Knowingly employing an unauthorized worker is prohibited by federal law. As a result, I-9 audits are a necessary part of doing business, as the penalties for noncompliance are too severe to ignore this fact.
One question arises often during the I-9 audit process: what to do when you discover that an employee has not provided valid proof of employment authorization. When this occurs, the proper course of action is typically to notify the employee of this fact and give the employee a reasonable period (a conservative approach would be three days) to provide proof that he or she is authorized to work in the United States. Where collective bargaining agreements are concerned, this is often the required next step.1
However, sometimes there is reason to believe that the employee has provided a false identity. Many federal courts of appeal have held that where an alien misrepresents his employment authorization status on the Form I-9, this triggers the “false claim bar” under federal law,2 rendering the individual “inadmissible” under federal immigration law and potentially deportable under the Immigration and Nationality Act.3
A key question for employers then follows: If I believe an employee has misrepresented his or her work authorization status on the I-9, am I on notice that I am employing an unauthorized worker, facing potential fines and criminal penalties?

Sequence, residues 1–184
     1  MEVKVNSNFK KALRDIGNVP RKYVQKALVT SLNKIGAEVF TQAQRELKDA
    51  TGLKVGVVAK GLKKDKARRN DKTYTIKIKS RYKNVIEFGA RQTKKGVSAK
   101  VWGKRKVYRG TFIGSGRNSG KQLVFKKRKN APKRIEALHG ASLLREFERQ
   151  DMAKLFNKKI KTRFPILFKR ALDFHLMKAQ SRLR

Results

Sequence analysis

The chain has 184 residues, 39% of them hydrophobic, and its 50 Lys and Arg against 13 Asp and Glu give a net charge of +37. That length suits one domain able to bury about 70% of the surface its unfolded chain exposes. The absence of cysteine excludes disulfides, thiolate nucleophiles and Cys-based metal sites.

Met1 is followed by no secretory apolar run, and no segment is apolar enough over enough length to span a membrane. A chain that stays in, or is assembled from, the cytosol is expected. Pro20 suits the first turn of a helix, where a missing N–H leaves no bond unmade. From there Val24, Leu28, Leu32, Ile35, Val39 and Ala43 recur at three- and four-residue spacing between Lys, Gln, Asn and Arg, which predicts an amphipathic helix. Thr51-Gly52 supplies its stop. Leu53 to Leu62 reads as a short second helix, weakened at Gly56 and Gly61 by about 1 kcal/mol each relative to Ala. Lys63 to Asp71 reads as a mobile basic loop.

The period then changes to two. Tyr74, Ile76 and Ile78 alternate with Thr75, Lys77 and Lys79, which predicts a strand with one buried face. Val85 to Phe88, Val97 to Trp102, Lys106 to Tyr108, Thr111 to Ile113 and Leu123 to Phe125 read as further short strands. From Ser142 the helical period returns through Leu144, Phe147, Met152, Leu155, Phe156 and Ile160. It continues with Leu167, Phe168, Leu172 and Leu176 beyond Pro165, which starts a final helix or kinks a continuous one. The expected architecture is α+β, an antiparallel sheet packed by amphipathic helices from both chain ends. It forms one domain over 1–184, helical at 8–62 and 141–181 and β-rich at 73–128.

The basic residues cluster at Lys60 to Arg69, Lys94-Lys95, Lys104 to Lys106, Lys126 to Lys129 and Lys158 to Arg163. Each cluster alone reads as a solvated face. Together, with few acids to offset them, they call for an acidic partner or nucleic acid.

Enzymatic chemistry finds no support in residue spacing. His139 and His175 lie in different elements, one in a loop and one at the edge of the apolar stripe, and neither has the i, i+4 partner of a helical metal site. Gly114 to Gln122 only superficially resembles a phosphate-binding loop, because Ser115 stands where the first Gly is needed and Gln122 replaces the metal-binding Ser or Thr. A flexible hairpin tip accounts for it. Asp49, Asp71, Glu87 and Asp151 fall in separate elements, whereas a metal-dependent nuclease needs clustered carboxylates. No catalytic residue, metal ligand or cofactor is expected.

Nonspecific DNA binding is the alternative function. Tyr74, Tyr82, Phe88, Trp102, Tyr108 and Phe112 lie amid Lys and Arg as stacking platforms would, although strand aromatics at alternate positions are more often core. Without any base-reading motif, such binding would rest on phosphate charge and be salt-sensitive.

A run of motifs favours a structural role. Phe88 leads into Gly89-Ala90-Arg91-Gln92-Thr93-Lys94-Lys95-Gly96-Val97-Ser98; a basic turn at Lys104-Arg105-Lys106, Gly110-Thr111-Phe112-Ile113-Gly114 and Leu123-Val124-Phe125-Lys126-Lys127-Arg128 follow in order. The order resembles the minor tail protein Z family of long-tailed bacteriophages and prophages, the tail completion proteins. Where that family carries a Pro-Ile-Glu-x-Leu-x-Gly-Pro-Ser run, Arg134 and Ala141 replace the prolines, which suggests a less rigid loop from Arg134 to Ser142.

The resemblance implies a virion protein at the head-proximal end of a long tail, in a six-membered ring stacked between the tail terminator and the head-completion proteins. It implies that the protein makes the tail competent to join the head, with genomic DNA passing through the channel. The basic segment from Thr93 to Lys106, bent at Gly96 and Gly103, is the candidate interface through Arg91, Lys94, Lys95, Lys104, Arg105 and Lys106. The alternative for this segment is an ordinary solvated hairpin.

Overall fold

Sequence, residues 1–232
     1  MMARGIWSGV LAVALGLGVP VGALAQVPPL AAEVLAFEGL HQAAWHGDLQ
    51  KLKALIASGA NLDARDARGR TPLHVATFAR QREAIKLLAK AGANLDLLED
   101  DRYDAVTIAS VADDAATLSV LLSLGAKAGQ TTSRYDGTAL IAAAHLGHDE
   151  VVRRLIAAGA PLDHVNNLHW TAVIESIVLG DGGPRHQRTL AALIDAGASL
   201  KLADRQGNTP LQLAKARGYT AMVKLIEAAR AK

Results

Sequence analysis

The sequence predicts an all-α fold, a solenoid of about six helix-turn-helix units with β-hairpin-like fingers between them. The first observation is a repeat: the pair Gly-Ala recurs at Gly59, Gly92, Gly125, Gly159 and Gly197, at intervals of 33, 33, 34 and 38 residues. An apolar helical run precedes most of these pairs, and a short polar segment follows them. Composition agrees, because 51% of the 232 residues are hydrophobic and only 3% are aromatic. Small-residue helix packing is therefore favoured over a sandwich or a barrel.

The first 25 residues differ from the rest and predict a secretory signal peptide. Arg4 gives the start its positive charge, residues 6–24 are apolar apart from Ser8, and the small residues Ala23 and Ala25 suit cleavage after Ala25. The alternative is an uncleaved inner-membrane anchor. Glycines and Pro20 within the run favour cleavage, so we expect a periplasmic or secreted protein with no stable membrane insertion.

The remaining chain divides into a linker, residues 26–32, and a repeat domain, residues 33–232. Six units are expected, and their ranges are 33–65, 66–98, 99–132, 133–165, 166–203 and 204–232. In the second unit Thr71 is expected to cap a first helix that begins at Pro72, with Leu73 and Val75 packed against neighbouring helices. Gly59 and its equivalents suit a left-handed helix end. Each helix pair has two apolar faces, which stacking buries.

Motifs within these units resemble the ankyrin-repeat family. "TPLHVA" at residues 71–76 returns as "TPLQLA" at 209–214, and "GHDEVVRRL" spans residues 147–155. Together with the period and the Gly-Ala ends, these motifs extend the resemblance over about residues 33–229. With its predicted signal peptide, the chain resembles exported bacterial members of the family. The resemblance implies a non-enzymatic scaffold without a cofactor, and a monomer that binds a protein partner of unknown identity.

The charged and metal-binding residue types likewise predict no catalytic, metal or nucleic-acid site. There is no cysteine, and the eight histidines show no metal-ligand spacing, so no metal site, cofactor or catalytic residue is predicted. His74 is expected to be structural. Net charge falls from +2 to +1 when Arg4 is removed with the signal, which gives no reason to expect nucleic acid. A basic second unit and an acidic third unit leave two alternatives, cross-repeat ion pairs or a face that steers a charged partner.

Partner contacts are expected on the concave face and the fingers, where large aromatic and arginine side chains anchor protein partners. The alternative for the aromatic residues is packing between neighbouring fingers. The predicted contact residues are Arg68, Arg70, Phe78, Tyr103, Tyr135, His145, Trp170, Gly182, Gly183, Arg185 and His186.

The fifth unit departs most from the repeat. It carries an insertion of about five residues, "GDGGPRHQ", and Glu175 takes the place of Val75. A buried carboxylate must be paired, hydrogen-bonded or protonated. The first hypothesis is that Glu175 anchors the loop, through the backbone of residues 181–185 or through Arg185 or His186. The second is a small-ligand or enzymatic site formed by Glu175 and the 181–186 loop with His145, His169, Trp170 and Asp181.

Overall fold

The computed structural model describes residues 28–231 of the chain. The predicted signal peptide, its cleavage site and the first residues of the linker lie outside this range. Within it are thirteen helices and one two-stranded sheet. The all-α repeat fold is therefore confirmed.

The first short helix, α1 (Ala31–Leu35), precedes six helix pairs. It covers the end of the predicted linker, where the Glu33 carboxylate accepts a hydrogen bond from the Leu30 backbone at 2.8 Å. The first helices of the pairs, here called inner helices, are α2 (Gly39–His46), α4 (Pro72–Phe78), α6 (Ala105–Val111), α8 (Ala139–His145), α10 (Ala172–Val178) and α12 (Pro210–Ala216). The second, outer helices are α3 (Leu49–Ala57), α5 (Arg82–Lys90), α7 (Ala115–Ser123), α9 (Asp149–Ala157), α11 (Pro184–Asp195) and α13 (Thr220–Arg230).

The answer is best provided by looking to guidance from U.S. Citizenship and Immigration Services (USCIS). Despite what these federal appellate courts have held regarding the false claim bar to admissibility, USCIS suggests that employers should give the employee a chance to provide valid proof of employment authorization.
As one USCIS guidance document explains,
For example, presentation to the employer of a new Social Security Card reflecting a new Social Security number and new name raises a material question as to the identity of the employee, the veracity of information on Form I-9, the genuineness of any documents presented in Section 2 that contain a Social Security number, and the relation of these documents to the person who presented them. The employer can no longer reasonably rely on the Form I-9 to be assured that the individual is authorized to work. USCIS suggests completion of a new Form I-9 in this instance to ensure the employee is eligible to continue in employment.” (emphasis added)
Further, the USCIS I-9 Handbook for Employers states that “[i]n cases where an employee has worked for you using a false identity but is currently work authorized, the I-9 rules do not require termination of employment. However, there may be other laws, contractual obligations, or company policies that you should consider prior to taking action.” If the employee is unable to provide valid documentation at this point, then his employment must be terminated. Of course, an employer is not obliged to allow the employee to provide new documentation, and many companies have strict policies requiring immediate termination of an employee who provides false employment documentation in the first instance.
I-9 compliance is often confusing, especially when court rulings seemingly conflict with federal agency guidance. If you have questions about ensuring compliance in work authorization and immigration matters, McGuireWoods can assist you. Our attorneys offer experience and skills in advising companies on proactive measures, such as setting up and conducting I-9 reviews, and defending companies facing notices of inspection and government investigations.